My dad used to say that some things have a long runway. Yep. About three days after sharing here my decision to quit smoking cloves, I slipped off that long runway to go smoke, squatting on the edge of the tarmac as I watched other planes take off and land.
I left Vermont early Sunday morning, intentionally not having bought a new pack (or three) for a week of work-related travel. Sure enough, after polishing off my last few smokes Sunday night, I knew that this would be it. I will return home Sunday having made it through my first whole week, having run every day, survived those initial cravings, overcome the inevitable wavering and teetering, the crankiness, the copious amounts of water, coffee, chocolate-chip cookies, and peppermint gum, the strange blend of grief and relief that comes with letting go of a habit that ultimately causes more stress than it relieves but would gladly have me believe otherwise.
My last attempt was hopeful, genuine, a practice run. But I feel like I’ve stepped into a familiar place–in a good way–a place I remember inhabiting before, during the many long smokeless stretches of my adult life. A place where I rise to run early in the morning and feel fast and strong and free, like I could run all day, and even find myself thinking about half-marathons again. A place where I recover my ability to sit still, and quickly remember that I can write and connect with myself without smoking. A place where I am forced to turn my attention inward to some quiet, deep place where the anchor drops and keeps me from drifting off every which way. A place where I am not living two lives. A place where I have nothing to hide. Where I choose what to share. Where I yes and I say no and I take deep, sometimes desperate breaths, and exhale them slowly as if my life depended on each one–which it in fact does. A place where I remember, once again: this is power and humility nestled together, like a dog and a cat who are cozy, interspecies co-sleepers.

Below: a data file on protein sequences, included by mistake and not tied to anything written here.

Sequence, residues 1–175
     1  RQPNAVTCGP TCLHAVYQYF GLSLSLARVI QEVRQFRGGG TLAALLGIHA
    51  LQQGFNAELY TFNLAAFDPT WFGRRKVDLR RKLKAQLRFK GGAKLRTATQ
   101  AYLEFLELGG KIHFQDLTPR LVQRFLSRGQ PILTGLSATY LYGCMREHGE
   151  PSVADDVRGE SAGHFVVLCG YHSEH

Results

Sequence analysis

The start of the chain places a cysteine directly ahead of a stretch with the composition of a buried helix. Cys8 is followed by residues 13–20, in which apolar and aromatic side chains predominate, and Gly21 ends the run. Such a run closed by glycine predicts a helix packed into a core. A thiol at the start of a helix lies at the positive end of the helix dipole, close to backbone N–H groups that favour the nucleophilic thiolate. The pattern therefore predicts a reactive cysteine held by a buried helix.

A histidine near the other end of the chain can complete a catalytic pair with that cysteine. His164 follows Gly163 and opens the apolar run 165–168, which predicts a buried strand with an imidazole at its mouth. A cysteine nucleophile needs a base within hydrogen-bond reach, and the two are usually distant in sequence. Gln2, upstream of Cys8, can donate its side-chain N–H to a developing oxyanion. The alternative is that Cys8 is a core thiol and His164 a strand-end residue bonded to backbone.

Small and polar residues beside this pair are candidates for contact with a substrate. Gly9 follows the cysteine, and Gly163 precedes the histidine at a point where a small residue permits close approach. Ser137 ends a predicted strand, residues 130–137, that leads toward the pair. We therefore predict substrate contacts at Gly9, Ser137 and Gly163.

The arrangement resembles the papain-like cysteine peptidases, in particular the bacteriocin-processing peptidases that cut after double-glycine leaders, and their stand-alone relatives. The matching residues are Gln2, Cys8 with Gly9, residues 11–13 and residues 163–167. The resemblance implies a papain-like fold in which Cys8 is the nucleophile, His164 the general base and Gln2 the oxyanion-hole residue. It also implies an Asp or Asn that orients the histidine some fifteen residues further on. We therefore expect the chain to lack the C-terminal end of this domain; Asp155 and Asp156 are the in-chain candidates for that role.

Yesterday, my colleague and I ran about five miles on the Vernon Trail along the Potomac River. I told him what I’m up to, then asked him the date, happy to realize that 12/12/12 will be my one-year anniversary of once again living as a non-smoker. Bear with me this time–I may well have to write my way through it.